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Juristic Basis For Taqleed Shakhsi Alone Being Obligatory

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#1 [Permalink] Posted on 15th November 2010 10:56
It is important to elaborate in detail what led to the change in ruling from the permissibility of asking any of the scholars of the four schools to exclusively following one from the four. Originally, both kinds of Taqleed (non-specific and specific) equally shared the status of being obligatory for the layman. The choice was for him to follow one school of to simply ask any scholar he considered a reliable scholar, regardless of his school.

This first type of taqleed (taqleed ghayr shakhsi) however, created a danger which with the passing of time became more and more real. The early Muslims were sincere in their following of the Deen (religion) and their simple and pure motivation in going to ask a scholar was to find out what the Deen said about that particular issue. Thier objective was not to compile a portfolio of opinions and opt for what took their fancy.

Later on, desires and whims entered the equation and became the motivating force when questioning. People would 'shop' for opinions, and in their pursuit to fulfil their desires, they searched for anyone who would legitimise their desire. The reason why this was an unacceptable development that had to be somehow prevented was the Qur'an prohibiting a person from following his base desires. The Holy Qur'an says: "Have you seen he who takes his desire as a god" (Qur'an 45:23)

Based on this, all Muslim scholars consider it absolutely forbidden for a person seeking to do something unlawful to seek justification for it through texts or the opinions of the scholars. Similarly, seeking out easier or favourable views from the scholars to escape the to escape the more difficult view of other scholars, is another form of allowing desires to dicatte one's religion.

Restricting a Muslim to following one of the four schools wen far in closing the door of following desires. However, there still remained room for arbitrary following, based on ease that existed in opposing opinions between the four schools. For exampl, a Shafi'i follower might look to the Hanafi school and see that ritual ablution (wudu) does not become invalid by touching the hand of a woman, and thus opt for it. It is clear that being a person who follows the imam but does not appreciate the evidences, his choosing this view was due to ease, a case of following one's desires.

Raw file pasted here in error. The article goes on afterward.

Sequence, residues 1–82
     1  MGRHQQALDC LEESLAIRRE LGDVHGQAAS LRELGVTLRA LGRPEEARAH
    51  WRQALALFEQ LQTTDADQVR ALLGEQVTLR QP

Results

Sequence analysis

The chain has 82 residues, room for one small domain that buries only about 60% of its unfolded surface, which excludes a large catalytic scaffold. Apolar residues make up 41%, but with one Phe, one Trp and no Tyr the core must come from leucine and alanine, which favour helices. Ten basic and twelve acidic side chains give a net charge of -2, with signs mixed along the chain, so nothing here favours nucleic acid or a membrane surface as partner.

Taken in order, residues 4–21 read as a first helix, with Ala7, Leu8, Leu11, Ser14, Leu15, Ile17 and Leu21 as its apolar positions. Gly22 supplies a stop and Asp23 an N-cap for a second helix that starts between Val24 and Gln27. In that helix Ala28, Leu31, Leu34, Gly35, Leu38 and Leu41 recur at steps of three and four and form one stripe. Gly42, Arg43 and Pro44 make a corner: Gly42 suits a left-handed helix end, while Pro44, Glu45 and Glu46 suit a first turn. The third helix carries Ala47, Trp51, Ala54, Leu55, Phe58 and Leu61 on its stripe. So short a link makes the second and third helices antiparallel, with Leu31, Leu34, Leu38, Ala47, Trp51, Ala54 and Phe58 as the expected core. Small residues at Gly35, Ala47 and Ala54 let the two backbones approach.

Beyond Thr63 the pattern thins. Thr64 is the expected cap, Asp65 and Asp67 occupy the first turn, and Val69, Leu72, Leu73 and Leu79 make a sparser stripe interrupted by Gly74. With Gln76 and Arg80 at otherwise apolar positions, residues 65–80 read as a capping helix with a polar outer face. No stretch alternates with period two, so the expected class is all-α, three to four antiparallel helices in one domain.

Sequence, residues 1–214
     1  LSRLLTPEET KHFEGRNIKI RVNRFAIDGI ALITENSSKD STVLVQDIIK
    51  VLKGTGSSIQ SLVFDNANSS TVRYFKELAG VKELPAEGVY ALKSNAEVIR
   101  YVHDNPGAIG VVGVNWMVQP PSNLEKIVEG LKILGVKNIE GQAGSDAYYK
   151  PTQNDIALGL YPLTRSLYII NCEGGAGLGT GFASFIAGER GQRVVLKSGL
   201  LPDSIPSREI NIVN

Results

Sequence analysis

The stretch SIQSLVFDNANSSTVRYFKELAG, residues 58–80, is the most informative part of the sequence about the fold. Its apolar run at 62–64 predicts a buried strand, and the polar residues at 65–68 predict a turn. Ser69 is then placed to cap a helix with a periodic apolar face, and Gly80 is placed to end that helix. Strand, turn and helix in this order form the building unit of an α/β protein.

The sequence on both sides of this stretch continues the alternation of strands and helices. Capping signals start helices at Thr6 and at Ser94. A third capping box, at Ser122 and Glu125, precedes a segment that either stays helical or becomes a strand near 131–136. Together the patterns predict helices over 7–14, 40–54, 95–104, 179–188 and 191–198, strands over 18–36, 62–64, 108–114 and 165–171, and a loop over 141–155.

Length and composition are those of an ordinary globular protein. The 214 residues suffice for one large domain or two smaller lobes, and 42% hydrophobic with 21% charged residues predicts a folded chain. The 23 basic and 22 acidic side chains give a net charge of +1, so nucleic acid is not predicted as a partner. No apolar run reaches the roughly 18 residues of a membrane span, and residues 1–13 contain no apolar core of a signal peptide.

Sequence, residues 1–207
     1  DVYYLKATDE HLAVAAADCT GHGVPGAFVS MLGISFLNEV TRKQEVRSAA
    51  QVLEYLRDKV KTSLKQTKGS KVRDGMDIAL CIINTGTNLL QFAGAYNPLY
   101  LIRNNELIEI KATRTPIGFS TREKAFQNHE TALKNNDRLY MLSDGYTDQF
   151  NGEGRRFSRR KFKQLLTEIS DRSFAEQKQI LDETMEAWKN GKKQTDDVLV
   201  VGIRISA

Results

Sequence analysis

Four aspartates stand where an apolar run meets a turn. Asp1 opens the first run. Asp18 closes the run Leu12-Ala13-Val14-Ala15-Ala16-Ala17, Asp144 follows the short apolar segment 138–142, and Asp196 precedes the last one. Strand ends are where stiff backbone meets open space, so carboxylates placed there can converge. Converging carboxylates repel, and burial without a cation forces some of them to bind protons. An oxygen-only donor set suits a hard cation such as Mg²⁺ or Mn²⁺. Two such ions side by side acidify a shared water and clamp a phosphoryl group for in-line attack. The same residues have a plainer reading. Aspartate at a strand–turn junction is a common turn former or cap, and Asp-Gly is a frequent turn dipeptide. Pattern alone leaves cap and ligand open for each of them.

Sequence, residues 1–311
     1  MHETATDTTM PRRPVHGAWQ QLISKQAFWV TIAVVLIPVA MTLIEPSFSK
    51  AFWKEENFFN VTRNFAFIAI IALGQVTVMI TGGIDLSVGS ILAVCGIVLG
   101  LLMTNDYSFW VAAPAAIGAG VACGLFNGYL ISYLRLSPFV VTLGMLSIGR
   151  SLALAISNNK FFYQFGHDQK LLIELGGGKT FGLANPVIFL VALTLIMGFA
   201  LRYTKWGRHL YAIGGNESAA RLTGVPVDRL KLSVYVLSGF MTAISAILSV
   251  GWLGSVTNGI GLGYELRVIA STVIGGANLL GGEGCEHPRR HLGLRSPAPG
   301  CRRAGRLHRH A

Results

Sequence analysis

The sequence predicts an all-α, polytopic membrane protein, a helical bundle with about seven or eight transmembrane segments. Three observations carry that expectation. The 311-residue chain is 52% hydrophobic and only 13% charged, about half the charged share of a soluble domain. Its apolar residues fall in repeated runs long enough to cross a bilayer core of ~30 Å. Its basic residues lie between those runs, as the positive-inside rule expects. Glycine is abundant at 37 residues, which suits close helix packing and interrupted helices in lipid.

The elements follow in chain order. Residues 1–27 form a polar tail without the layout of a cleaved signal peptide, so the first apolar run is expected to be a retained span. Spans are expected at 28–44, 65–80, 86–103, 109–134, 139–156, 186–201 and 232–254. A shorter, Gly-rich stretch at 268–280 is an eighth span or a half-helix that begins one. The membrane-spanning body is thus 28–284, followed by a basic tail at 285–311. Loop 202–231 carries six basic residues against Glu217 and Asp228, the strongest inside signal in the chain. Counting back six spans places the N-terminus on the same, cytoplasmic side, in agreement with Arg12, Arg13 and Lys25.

The great jurist of the Hanafi school, Imam Ibn 'Abidin (rahmatullahi alaih) records the following eye-opening incident that illustrates the gravity of this problem. There was a student of Imam Abu Hanifa (rahmatullahi alaih) who once approached a hadeeth scholar for his daughter's hand in marriage. The scholar refused and said he would only marry her to him if he started raising his hands (raf al-yadayn) in salah, reciting behind the imam and pronouncing ameen loudly. The student agreed and consequently married the scholar's daughter. When the Hanafi jurist Abu Bakr al-Jawzajani (rahmatullahi alaih) was informed of this, he replied, "As for the marriage it is sound, but I fear that he (the student) may have left the Deen, because he left what he believed to be the truth for his personal desire."

Imam Shatibi (rahmatullahi alaih) among other jurists has extensively explained the dangers in leaving fiqh unregulated. He says that ultimately, the very purpose of the Shari'ah - which is taklif (charging people with duties and responsibilities) would become defunct, as laymen created their own desired opinions through caprice and moral corruption.

The State We Are In

If there was a need for this kind of regulating in the time of Imam Shatibi (rahmatullahi alaih), and as recognised by the majority of Sunni scholars throughout the centuries, we are in need of it now more than ever. We live in an age in which desires and whims are incredibly powerful forces dictating every moment of people's lives. Leave aside mentioning the general Muslim masses who are totally unlearned in the Islamic sciences, we find endless examples of those who have actually devoted much time to learning Arabic and other Islamic sciences, bringing forth opinions unheard of and inimical to the pristine principles of Islam.

We have so-called learned people today saying that usury (riba) is permitted, women can lead men in salah, that intermingling between men and women is fine, in fact taught by Shari'ah, and that music and musical instruments are lawful. Of the above is a result of allowing the so-called learned of today to derive laws from the Holy Qur'an and Sunnah, one can imagine what catastrophic consequences would result upon this already divided and decaying Ummah if every Muslim was to have the right to derive laws for himself.

Thus, reason and necessity demand that there be a system whereby Muslims can be saved from making their Deen a mockery and plaything. Consequently, scholars in their thousands testified that the four schools are the best framework for this. This is for many reasons, among them being that all four imams are considered bu consensus of the entire Ummah to have reached the highest level of taqwa (god-fearingness) and far from becoming swayed be desires and wordly motives, in addition to their unparalleled expertise in the sciences.

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